The Norman Speed N ‘sped’ onto the scene this time a year ago when a few Elite Series anglers used it to success in the super bowl of bass fishing – The Bassmaster’s Classic! There was a ton of factors that went into the design of this crankbait by veteran angler Frank Scalish, but most importantly the timing of the classic played in huge to its success. Everything is timing, certainly with this lure because it might have brought the brand Norman Lures back from the depths.
So how did this crankbait come about, and why was it needed? Veteran angler Frank Scalish is the acting brand manager of Norman Lures and a few other crankbait brands at PRADCO, and this is because of his tenure as a professional angler who knew his way around a crankbait. Scalish is well known for being an offshore structure fisherman, and most importantly he knows the types of actions that make fish react to a small piece of plastic wriggling through the water. He first looked at the Norman line and identified some holes that needed to be filled, but unfortunately Norman was on the track downward and not a lot of engineering was allotted to projects. Finally, Frank came up with the Speed N concept to fit a niche for a small square bill with a tight action needed in the early pre-spawn. He took the already popular body of the Norman Little N and created a bill with the perfect angle to create an extremely fast wobble, combine this with the vibrant Norman gel coats and you can see why the lure has garnered so much attention. From initial testing of Franks prototype Speed N everyone knew this bait was going to be a special one and needed to be put into the line.
Fast forward about a year from the prototype and Norman’s Product Director has just finished with collecting the first samples of the lure, note that this about a month before the Bassmaster Classic. He then decides to send a ring of samples of the Speed N to each angler fishing the classic, Stetson Blaylock, Micah Frazier and Luke Palmer. All three anglers loved the lure initially and used it to their success in the tournament with each angler garnering great finishes in front a national stage. This catapulted the barely finished Speed N into the national limelight, and stores were calling for orders as soon as the tournament ended.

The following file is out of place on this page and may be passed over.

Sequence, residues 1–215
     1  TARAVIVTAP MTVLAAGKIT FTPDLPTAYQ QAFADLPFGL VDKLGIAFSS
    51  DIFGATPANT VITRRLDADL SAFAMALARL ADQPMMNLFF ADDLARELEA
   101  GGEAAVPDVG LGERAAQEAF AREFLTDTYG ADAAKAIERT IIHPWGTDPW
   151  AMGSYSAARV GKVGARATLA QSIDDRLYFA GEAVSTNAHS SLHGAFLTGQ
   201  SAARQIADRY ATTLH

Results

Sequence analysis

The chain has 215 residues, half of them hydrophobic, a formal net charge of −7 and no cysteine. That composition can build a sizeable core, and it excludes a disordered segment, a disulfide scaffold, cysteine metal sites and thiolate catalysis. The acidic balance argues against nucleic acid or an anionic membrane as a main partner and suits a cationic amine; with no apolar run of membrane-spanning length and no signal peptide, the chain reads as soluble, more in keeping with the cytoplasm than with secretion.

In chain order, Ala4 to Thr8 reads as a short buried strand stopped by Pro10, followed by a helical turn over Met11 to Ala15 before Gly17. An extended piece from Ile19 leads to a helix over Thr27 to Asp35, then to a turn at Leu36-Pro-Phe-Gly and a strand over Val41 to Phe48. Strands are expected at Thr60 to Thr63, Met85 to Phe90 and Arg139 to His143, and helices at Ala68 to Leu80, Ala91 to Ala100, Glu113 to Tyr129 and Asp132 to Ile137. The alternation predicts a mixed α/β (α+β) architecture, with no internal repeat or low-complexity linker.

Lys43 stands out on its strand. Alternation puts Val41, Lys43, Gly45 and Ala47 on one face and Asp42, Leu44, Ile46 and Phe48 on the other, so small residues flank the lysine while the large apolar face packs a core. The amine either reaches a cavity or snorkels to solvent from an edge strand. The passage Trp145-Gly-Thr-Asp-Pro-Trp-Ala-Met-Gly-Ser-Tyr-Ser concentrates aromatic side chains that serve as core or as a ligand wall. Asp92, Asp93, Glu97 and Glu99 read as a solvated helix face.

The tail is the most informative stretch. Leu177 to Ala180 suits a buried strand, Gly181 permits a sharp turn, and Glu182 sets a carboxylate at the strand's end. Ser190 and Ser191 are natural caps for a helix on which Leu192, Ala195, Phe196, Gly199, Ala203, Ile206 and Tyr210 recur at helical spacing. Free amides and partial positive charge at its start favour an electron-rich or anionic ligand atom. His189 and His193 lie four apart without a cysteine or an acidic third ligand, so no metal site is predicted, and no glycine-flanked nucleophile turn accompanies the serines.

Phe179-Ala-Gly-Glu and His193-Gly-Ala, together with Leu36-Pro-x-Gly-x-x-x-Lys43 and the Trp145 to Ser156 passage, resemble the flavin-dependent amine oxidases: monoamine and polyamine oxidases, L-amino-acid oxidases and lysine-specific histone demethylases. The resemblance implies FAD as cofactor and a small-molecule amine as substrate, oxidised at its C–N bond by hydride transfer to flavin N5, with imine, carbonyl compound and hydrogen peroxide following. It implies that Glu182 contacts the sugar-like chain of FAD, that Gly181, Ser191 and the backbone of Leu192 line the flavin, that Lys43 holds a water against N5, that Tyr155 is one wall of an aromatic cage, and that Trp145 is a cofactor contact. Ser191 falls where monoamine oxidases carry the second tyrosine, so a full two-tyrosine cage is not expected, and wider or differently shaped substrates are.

But why is the Speed N so good for early spring bass fishing?
There are several reasons why it is like the butyrate body, precise weighting, angle of the bill, and the gel coat paint schemes. Butyrate is an old timey plastic like the original Wiggle Warts were built with that provides a unique sound that bass have seemingly forgotten about. The bait is weighted to around a ½ oz, so it casts like a rocket and it’s weighted with lead, so the sound is even better. The angle of the bill is probably the most notable feature of the Speed N. Frank designed it in such a way to make the lure have a very tight action even at low speeds to appeal to cold water bass that don’t want an overly aggressive action. The bill also sits at a perfect angle to crawl over various types of cover and even reach depths of over 6 feet – that’s crazy for a square bill! Finally, the gel coat paint schemes really bring to life the look of a small baitfish or crawdad and shine in any water clarity. This is a simple wrap up of why the Speed N is so good, but you also must look into where bass are this time of year to understand the success factor.
In the pre-spawn bass can be found in various stages of water depths, but often times they hang tight to cover especially in shallow water. The Speed N is able to crawl over just about any type of structure such as wood, rock, or even grass to annoy bass with its super tight action.
All of these factors contribute to the sudden success of the Speed N crankbait, and hopefully give Norman Lures the jumpstart it needs to continue its tenure as a legendary fishing brand.
The Speed N can be found in all of its exciting gel coat patterns at Lurenet.com!